South Africa will present its first progress report on the Sustainable Development Goals at the United Nations on July 17. This report will provide a rather extensive snapshot of the country’s progress towards the 169 ambitious targets.
The development goals were adopted in 2015 by 193 United Nations member states. They were hailed as the first set of truly global goals, keeping both the developed and the developing world accountable to the same standards.
They cover a wide range of areas, from ending hunger and ensuring universal access to water and electricity; to promoting innovation and building strong institutions. The countries committed to achieving these goals by 2030.
But progress seems relatively slow across Africa. A recent report by the Sustainable Development Solutions Network shows that 72% of Africa’s national budgets do not mention the SDGs. It also points out that 82% of all African countries do not know what the financial requirements of reaching the SDGs are, and 65% have not yet assessed how far they are in reaching the targets.
South Africa, too, has been relatively slow in reporting progress. When presenting its official progress report later this month, it will be one of the last African countries to do so. But it did present a non-compulsory baseline report in 2017 that outlined the number of indicators on which reliable national data was available.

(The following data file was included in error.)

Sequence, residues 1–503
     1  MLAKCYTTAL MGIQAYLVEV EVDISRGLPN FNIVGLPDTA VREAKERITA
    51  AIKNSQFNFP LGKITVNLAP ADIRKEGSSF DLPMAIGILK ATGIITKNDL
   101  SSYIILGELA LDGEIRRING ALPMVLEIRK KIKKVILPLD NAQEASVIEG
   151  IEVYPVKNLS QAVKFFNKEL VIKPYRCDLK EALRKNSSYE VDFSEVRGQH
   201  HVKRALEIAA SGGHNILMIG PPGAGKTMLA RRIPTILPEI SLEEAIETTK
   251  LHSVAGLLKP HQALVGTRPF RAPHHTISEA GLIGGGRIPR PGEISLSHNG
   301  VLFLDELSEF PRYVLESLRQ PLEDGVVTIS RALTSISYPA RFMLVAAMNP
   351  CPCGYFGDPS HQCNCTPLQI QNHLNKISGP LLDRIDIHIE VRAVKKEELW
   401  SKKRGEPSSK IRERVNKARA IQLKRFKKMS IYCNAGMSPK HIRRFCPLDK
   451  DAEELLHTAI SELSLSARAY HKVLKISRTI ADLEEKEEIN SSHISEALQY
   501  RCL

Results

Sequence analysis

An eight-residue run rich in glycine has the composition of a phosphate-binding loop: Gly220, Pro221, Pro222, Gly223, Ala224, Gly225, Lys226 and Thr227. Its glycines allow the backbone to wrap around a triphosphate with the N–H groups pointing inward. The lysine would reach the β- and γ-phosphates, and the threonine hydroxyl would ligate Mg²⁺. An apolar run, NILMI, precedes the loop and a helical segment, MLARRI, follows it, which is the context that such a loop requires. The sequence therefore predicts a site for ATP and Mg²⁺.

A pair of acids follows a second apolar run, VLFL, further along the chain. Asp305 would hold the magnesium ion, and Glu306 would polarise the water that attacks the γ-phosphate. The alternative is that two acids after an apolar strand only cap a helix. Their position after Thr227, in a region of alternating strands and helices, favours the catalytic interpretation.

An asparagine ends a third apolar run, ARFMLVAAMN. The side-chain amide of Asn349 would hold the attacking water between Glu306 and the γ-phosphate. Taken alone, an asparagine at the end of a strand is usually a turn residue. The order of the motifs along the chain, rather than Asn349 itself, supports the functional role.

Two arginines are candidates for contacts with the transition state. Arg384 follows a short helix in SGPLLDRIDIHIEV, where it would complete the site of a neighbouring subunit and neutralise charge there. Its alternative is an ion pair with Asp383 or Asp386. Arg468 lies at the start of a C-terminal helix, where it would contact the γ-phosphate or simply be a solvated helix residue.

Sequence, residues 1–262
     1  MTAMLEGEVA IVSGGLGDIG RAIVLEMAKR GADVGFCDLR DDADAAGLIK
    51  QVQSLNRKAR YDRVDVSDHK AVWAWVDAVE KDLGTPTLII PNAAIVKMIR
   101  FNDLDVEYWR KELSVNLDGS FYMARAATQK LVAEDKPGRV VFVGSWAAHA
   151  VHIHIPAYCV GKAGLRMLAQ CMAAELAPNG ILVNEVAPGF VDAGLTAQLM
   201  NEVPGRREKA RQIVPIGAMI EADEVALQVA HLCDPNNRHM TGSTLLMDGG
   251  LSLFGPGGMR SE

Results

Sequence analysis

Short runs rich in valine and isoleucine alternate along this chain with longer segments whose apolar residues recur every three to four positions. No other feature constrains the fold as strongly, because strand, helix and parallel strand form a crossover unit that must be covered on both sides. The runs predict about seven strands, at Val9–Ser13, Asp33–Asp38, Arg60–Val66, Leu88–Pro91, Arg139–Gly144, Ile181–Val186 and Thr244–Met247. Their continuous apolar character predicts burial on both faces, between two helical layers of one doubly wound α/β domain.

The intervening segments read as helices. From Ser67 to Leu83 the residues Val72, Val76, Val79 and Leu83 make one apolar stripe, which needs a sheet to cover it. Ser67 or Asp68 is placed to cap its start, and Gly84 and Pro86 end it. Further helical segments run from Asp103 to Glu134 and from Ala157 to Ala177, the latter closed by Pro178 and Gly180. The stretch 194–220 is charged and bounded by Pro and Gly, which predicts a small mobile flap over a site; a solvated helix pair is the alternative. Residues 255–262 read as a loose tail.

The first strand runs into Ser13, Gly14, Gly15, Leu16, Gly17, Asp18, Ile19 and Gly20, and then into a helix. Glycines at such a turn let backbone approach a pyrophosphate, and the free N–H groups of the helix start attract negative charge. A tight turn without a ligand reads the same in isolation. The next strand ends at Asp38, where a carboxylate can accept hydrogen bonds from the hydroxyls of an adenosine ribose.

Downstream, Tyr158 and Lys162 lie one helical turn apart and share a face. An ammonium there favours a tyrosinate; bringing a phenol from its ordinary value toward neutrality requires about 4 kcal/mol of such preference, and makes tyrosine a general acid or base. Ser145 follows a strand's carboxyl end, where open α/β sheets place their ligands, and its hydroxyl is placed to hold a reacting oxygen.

South Africa’s official progress report – known in UN parlance as a Voluntary National Review – will show that the country has done quite well on some measures, and badly on others.
But the bigger question centres on what should be done to ensure that the SDGs actually change countries’ development trajectories.
A concerted effort is needed to ensure that the SDGs aren’t relegated to being merely a reporting framework. The South African SDG Hub, an initiative hosted by the University of Pretoria has identified four good practices that could actually lead to changes in behaviour.
But that would require government, the private sector and civil society to be proactive. Here’s what we think they should do.
Four practical steps
1. Gather complete and reliable data.
It’s impossible to identify areas where urgent interventions are necessary without reliable and complete data. That’s why data gaps should be addressed as a matter of urgency.
The SDGs with the greatest data gaps in Africa are SDG 8 (Decent work and economic growth), SDG 11 (Sustainable cities and communities), SDG 14 (Life below water) and SDG 16 (Peace, justice and strong institutions). South Africa’s 2017 report on data availability showed that the country is able to report on 63% of the indicators with agreed methods.
2. Take the data seriously.
Reliable data is useless if it’s not taken seriously. In fact, the data often highlight issues that escape public attention. Take malnutrition. South Africa’s SDG progress report shows that 27% of South Africa’s children are stunted (SDG 2); 13% of the country’s children are overweight. This is high when compared to the global average of 6.1%.
The report also shows that without large-scale interventions, South Africa can expect a water deficit of at least 17% in 2030 (SDG 6).